For a tighter tummy eat your meals, don’t skip them
Skipping meals could lead to abdominal weight gain, according to a new study on mice from Ohio State University.
Mice that ate one large meal and fasted the rest of the day developed the pre-diabetic condition of insulin resistance in their livers.
This means the liver stops responding to insulin, continuing to produce glucose, which leads to a surplus of sugar in the blood.
That extra sugar is stored as fat, the energy-storing white fat, which is less desirable than its counterpart, energy-burning brown fat.
In the beginning, these same mice were fed a restricted diet and lost weight while a control group was given free-for-all access to food.
Mice that had dieted gained back most of the weight they had lost, nearly catching up to the control group by the study's end.
Even though they didn't gain back the entirety of the weight they lost, the mouse equivalent to human belly fat weighed more for those that had dieted.
This kind of fat, in addition to being unsightly, is associated with the very kind of insulin resistance described above in addition to increased risk for type 2 diabetes and heart disease.
Not an excuse to graze all day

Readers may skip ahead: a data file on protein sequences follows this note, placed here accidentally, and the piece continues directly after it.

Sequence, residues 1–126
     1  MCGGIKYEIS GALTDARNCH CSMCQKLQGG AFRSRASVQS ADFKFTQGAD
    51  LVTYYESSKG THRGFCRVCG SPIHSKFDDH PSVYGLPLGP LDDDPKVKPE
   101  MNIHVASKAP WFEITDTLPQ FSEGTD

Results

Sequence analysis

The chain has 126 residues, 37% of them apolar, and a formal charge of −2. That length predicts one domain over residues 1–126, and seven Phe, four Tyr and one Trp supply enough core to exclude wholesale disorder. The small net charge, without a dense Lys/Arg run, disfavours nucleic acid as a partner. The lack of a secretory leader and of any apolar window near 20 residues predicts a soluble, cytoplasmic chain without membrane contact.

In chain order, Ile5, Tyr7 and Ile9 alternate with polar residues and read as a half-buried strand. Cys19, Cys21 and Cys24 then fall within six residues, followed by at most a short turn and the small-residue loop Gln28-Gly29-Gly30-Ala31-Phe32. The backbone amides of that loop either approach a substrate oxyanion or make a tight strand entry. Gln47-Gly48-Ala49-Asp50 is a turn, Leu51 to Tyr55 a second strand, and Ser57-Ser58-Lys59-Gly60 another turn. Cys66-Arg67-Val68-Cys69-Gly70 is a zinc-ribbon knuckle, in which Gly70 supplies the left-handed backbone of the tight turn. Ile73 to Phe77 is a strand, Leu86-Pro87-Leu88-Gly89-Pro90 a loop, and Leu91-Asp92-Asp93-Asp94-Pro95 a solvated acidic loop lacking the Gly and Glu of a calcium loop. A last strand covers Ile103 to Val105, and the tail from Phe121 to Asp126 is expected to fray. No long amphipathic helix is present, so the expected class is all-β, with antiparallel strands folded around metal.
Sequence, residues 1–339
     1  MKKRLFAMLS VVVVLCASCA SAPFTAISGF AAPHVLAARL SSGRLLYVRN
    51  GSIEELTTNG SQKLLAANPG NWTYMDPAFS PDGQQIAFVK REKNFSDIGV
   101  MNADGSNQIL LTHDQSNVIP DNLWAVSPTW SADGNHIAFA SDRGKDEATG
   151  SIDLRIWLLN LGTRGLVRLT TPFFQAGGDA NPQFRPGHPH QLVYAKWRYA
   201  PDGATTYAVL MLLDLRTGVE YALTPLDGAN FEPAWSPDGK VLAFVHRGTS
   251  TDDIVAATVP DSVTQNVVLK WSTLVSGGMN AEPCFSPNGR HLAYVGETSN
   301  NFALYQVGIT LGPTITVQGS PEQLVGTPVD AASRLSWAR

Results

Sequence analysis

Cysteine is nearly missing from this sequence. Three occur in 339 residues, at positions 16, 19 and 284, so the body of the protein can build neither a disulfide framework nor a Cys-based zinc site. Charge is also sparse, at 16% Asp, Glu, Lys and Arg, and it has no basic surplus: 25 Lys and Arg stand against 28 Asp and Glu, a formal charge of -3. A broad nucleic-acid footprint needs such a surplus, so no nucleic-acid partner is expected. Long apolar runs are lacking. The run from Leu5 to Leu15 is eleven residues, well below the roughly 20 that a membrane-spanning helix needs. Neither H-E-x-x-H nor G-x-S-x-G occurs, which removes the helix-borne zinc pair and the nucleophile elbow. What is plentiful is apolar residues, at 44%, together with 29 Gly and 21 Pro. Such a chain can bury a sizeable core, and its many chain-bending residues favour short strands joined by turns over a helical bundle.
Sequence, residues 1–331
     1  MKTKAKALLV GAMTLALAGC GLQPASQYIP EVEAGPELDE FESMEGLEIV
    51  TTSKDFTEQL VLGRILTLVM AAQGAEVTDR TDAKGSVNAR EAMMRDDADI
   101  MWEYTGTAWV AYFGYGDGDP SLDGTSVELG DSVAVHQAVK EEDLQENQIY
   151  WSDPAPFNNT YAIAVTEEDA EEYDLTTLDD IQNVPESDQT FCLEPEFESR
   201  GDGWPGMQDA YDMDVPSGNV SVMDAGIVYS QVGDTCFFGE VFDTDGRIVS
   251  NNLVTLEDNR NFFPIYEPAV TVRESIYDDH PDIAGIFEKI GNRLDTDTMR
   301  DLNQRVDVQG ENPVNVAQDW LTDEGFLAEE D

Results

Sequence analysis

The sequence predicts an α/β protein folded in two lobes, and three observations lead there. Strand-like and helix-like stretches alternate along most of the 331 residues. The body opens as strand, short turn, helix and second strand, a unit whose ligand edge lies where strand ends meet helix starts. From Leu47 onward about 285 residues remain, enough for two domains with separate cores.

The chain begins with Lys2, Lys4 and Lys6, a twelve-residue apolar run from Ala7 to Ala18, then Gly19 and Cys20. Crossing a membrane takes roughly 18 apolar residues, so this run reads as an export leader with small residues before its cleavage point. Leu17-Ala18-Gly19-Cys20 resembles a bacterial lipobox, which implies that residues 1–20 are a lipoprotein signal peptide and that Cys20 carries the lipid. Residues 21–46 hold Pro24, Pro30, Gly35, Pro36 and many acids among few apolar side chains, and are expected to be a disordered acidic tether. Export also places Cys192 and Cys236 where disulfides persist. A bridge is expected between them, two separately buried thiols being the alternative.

Human nutrition professor Martha Belury of Ohio State says her findings do not support the notion that eating multiple small meals over the course of a day could help you lose weight.
"But you definitely don't want to skip meals to save calories because it sets your body up for larger fluctuations in insulin and glucose and could be setting you up for more fat gain instead of fat loss," she says.
Even though mice were used, Belury says the behavior of the group that dieted matched that of human dieters, developing gorging behavior as a result of calorie deprivation that eventually made them so full they would go as long as 20 hours without food.
Make it the end of one-meal-days
This bingeing-and-fasting behavior turned the mice's metabolism topsy-turvy and the research team believes it caused insulin production to spike and subsequently plummet.
These same mice exhibited increased inflammation and higher activation of genes that promote fat storing, according to the study, published in The Journal of Nutritional Biochemistry.
"Under conditions when the liver is not stimulated by insulin, increased glucose output from the liver means the liver isn't responding to signals telling it to shut down glucose production," says Belury. "These mice don't have type 2 diabetes yet, but they're not responding to insulin anymore and that state of insulin resistance is referred to as pre-diabetes."
Would you like to comment on this article or view other readers' comments? Register (it’s quick and free) or sign in now.
Please read our Comment Policy before commenting.